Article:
One tip for presenting very small career gaps in a way that won’t be noticed by recruiters and potential employers is to focus on the years you were in certain roles on your CV, rather than the months you were there. Rather than write:

March 2010-January 2012. Marketing Executive.

April 2012 – Present. Marketing Manager.

you could simply write;

2010-2012 Marketing Executive.

2012 to Present. Marketing Manager.

By doing this there is no gap on your CV to explain. If your career gap is longer than a couple of months, though, this technique will not work: when it comes to applying for new roles, honesty really is the best policy. If you lie on your CV you’re likely to be caught out and may lose the role you were given anyway.

Talking About the Gap

If you do have a long career gap, during the interview process, particularly if the recruiter is reading your CV, they may ask you to explain it. The most important thing to remember is to think positively, and draw attention to all the positive aspects of your CV, rather than focus on the bits that are harder to talk about. As already mentioned, draw on the new skills you learnt during your career break and compare them positively to the skills you would need to complete the role you’ve applied for. Perhaps the trickiest kind of extended career break to explain is one for illness or rehabilitation. Rightly or wrongly, potential employers may view this with concern, fearing you’ll take an extended period off work again. The best thing to do in this instance is to keep your explanation short and to the point: you took time off because you were ill, but you’re firing on all cylinders again now and ready to get back to work.  If you did anything else during the time you were out of work (such as volunteer work or training for a marathon) then now is the perfect time to mention this too.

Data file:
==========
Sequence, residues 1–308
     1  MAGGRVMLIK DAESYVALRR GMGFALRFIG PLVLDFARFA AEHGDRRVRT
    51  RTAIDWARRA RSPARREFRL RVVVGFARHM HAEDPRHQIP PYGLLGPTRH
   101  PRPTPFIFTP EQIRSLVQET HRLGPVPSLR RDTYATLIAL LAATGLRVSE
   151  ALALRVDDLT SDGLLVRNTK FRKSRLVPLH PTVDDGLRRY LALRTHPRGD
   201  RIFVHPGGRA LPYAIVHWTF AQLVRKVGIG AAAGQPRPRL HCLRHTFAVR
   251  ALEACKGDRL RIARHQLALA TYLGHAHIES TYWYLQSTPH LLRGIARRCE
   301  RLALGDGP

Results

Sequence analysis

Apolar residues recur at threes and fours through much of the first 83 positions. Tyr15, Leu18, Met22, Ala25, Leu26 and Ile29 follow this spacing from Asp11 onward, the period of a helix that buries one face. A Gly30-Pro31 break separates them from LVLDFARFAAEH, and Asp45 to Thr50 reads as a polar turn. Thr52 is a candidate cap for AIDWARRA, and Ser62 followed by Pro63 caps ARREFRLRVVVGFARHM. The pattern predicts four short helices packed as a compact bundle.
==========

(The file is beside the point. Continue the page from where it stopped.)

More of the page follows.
A career gap can be difficult to explain but if you’re open and honest then it shouldn’t prevent you from gaining the job you deserve!

Thanks to guest contributor Emma Crosby for this great article.